What can I do if the at fault driver’s insurer refuses to pay for the full amount of damages?

UPDATED: Nov 8, 2011

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What can I do if the at fault driver’s insurer refuses to pay for the full amount of damages?

We were rear-ended the other driver was cited; we have 2 witnesses. His insurance gave us a $4,000 check. The problem is that both estimates we have got are double that.

Asked on November 8, 2011 under Accident Law, Idaho


SJZ, Member, New York Bar / FreeAdvice Contributing Attorney

Answered 11 years ago | Contributor

An insurer will voluntarily pay what it believes to be the damages--or the amount of money to repair the car, or, if the car is worth less than the cost of repairs, to total it--if it thinks its driver is at fault. However, since there usually is some doubt as to fault (rarely is it 100% that one party is clearly at fault, and the other party did nothing wrong; there's also the issue of evidence and what could be proven), they usually discount or reduce what they will pay to reflect that  uncertainty. Also, since getting a settlement check saves the other party (the plaintiff, or one suing) the cost of a lawsuit, they will also typically discount what they pay to reflect that savings. Thus, the insurer voluntarily pays what it thinks the accident is worth, reduced by some amount for uncertainty and by some amount for not having to go to court.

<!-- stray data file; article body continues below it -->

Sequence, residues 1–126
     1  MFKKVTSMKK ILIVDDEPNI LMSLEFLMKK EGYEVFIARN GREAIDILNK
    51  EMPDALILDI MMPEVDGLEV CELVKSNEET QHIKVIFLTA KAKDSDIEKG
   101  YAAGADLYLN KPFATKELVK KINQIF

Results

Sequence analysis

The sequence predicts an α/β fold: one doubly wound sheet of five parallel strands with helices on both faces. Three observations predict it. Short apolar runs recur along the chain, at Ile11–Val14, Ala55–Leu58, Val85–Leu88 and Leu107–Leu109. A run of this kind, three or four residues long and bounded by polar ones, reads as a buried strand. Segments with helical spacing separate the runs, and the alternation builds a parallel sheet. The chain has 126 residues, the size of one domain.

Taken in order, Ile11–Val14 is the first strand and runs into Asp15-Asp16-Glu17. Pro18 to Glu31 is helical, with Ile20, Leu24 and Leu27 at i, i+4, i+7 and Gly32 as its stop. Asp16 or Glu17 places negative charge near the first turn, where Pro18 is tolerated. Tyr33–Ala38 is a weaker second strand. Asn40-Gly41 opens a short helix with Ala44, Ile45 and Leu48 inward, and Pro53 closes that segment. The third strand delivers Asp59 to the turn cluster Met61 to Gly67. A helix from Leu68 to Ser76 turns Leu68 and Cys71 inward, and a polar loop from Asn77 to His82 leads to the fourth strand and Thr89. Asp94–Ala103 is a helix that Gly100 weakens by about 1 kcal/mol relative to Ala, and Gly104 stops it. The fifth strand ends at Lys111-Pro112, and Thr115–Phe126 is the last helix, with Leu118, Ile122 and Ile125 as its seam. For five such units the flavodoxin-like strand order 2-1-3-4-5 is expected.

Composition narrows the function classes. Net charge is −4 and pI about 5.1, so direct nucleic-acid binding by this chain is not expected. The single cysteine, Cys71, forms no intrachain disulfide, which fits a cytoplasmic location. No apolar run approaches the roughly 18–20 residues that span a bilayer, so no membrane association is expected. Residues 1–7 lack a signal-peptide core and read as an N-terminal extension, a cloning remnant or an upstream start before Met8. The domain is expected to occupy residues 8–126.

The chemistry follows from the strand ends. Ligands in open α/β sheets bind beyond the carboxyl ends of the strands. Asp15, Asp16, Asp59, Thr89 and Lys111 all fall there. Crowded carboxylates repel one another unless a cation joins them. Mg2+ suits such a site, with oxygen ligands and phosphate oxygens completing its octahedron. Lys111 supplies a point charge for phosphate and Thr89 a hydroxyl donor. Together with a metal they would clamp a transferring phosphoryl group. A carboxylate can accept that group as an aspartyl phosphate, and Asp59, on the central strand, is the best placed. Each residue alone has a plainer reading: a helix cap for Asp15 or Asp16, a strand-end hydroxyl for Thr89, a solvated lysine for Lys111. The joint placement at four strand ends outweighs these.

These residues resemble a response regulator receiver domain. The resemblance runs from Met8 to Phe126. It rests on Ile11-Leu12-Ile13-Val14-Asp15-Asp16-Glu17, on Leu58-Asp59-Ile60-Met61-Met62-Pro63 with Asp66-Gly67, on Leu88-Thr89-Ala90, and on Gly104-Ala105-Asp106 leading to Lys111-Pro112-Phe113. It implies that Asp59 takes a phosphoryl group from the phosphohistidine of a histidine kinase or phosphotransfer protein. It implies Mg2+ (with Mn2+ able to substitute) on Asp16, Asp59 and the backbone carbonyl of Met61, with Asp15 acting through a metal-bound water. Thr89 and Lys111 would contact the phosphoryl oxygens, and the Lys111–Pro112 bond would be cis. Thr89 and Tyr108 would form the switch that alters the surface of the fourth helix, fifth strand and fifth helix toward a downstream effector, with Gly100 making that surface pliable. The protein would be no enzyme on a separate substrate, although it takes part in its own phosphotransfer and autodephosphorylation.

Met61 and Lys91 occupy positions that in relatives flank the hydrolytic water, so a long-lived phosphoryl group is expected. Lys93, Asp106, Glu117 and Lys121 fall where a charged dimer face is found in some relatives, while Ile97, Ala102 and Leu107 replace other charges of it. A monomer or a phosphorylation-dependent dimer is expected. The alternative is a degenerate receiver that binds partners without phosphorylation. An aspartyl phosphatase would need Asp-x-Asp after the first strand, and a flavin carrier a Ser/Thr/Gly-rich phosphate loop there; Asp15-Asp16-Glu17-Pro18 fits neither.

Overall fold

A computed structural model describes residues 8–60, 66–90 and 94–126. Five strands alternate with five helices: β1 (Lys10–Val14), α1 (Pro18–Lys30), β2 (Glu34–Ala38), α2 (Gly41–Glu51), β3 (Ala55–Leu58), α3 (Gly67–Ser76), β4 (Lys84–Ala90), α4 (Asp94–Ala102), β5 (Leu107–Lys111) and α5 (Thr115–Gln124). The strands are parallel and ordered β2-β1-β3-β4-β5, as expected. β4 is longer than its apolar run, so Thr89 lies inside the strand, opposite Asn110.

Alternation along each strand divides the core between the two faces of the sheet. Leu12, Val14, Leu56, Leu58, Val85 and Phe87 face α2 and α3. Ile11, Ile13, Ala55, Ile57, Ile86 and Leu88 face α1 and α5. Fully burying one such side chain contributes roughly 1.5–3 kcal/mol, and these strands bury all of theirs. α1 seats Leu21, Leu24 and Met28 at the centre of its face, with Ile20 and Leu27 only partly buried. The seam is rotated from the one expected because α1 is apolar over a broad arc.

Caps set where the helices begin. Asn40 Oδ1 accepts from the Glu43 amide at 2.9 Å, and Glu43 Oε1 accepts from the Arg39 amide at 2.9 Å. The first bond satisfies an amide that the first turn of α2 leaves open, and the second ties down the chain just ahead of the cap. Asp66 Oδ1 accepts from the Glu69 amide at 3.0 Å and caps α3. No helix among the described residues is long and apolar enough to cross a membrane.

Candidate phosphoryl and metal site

That is not to say the insurer is necessarily right. And its determination is not a court adjudication. If they are not paying as much as you think you deserve, you have the right to sue the insured driver for the additional amount, so long as you did not sign a release or settlement agreement giving up your right to sue. (If you did, it is enforceable.) But bear in mind that winning is never guaranteed, and you will incur the cost of a lawsuit (e.g. a lawyer), and factor that into deciding whether to sue or not.

IMPORTANT NOTICE: The Answer(s) provided above are for general information only. The attorney providing the answer was not serving as the attorney for the person submitting the question or in any attorney-client relationship with such person. Laws may vary from state to state, and sometimes change. Tiny variations in the facts, or a fact not set forth in a question, often can change a legal outcome or an attorney's conclusion. Although AttorneyPages.com has verified the attorney was admitted to practice law in at least one jurisdiction, he or she may not be authorized to practice law in the jurisdiction referred to in the question, nor is he or she necessarily experienced in the area of the law involved. Unlike the information in the Answer(s) above, upon which you should NOT rely, for personal advice you can rely upon we suggest you retain an attorney to represent you.

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